It’s no secret that prime office space in the central business district of any big city is usually taken up by big multinational companies. It’s no different in Kuala Lumpur, where the ‘golden triangle’ area of KLCC and Bukit Bintang is a hotspot for expatriates from various professions and employees of oil and gas companies like Petronas, Shell, and ExxonMobil, just to name a few.

Malaysia relies heavily on the oil and gas (O&G) sector, and the O&G sector has suffered losses due to lower crude oil and commodity prices, which only partly answers the question of why the ringgit has dropped so much this year. Of course, other factors such as political headwinds, uncertainty in the federal rate hike and China’s yuan devaluation have also contributed to Malaysia’s weakened economy this year.

According to the Nielsen Global Survey of Consumer Confidence and Spending Intentions dated Nov 3, 2015, consumer confidence index in the third quarter slipped to a 10-year low of 78 percentage points. Similarly, the Malaysian Institute of Economic Research consumer sentiment index fell to a new low of 70.2 points in the third quarter this year from 71.7 the quarter before.

Ever since the Malaysian ringgit plunged more than 20% this year, there have been waves of retrenchment in the banking sector and oil and gas industry, just to name a few. In O&G companies especially, the retrenchment is part of cost-cutting measures to ensure profits stay up amid the weakened economy, not only in Malaysia but also other parts of the world.

Last week, it was reported by The Star that ExxonMobil Exploration and Production Malaysia Inc would join a list of companies that will be letting go of some prime office space in the city centre as part of cost-cutting measures. In fact, O&G companies take up 26% of top grade office space in the city. Banking sector takes the lion’s share at 33%, according to statistics by JLL Malaysia Property Research.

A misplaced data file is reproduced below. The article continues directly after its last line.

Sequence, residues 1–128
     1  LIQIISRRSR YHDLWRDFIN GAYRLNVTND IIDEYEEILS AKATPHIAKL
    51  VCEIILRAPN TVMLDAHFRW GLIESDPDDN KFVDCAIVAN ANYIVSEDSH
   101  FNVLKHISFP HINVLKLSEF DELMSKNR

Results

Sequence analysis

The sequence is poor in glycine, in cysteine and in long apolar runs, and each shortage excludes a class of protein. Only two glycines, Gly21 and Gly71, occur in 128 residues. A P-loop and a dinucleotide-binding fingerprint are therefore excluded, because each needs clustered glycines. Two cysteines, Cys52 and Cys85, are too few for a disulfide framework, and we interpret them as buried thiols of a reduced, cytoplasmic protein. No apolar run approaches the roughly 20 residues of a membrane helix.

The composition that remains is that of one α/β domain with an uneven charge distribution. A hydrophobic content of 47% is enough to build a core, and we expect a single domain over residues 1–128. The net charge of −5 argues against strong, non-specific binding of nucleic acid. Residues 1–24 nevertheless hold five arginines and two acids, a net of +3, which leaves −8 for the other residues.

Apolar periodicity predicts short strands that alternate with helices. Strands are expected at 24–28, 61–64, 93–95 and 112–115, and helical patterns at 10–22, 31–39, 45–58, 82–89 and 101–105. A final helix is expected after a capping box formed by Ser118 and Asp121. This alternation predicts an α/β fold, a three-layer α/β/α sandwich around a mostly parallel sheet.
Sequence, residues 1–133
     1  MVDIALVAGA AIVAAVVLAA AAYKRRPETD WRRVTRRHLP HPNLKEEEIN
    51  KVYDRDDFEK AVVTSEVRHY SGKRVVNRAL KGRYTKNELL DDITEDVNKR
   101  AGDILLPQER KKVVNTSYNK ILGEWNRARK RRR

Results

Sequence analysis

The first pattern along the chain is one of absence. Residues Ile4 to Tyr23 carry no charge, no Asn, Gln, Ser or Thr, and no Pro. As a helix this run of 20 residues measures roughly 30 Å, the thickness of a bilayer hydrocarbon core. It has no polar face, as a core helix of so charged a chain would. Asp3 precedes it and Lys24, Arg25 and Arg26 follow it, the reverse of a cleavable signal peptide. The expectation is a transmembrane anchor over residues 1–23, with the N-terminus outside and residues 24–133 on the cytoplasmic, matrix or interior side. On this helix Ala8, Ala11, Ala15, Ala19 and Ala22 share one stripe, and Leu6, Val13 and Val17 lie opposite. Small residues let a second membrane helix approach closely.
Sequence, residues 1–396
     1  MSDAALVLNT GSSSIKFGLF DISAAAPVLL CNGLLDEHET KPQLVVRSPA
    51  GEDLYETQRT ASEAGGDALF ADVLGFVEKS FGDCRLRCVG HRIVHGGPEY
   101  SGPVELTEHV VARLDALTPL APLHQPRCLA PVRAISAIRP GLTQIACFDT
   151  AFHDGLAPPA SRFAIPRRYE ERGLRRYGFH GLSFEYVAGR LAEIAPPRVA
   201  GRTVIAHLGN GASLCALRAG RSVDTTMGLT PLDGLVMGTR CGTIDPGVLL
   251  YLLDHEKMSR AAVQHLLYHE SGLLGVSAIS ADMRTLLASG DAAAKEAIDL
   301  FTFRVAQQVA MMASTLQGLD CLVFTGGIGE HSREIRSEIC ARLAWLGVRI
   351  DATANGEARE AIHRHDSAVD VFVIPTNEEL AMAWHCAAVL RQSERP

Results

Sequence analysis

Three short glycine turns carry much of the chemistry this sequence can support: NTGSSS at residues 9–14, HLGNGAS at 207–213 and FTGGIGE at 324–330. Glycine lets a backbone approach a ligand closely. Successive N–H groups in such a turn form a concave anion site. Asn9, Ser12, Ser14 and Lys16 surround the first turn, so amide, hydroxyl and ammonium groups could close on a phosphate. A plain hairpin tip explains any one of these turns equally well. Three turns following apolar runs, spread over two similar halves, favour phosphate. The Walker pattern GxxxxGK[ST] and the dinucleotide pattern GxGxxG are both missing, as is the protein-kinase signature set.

occupation of prime office space by sector

Therefore, by extension, not only have the businesses related to the oil and gas industry here suffered, it has also affected the property market in Kuala Lumpur, especially within the city centre where most of the high-end properties are located, and occupied by those in the sector. It’s a domino effect. With people losing their high-paying jobs in oil and gas companies, they will no longer be able to afford renting expensive high-end condominiums in the city, while those who are renting will be on the lookout for units with lower rent. This, in turn, will result in higher vacancy rates for residential and commercial properties. At the same time, owners of luxury and high-end properties will be eager to dispose of their properties, even at lower-than-market prices, while landlords prepare to rent their units at lower prices just to attract or keep tenants.

Will this also mean a decrease in property prices and rental in the KLCC office area? According to property players and judging from the launches by developers, it seems unlikely. Properties in the city centre area are usually owned by real estate investment trusts (REITs), big conglomerates, and high net worth individuals that are able to weather this sort of situation without incurring losses. Instead, they might even take this opportunity to buy up and invest in properties that have been put up for sale by individual owners.

However, there might also be other effects brought about by this scenario. More diversified companies – i.e. not from the oil and gas industry – entering the office spaces now available in the city, perhaps? While smaller firms prefer to base themselves in the outskirts of town to avoid congestion and high rental rates, the comparatively more convenient public transportation and administrative offices found in the city could well bring in more variety of businesses and industries, and give rise to more job opportunities in the city.

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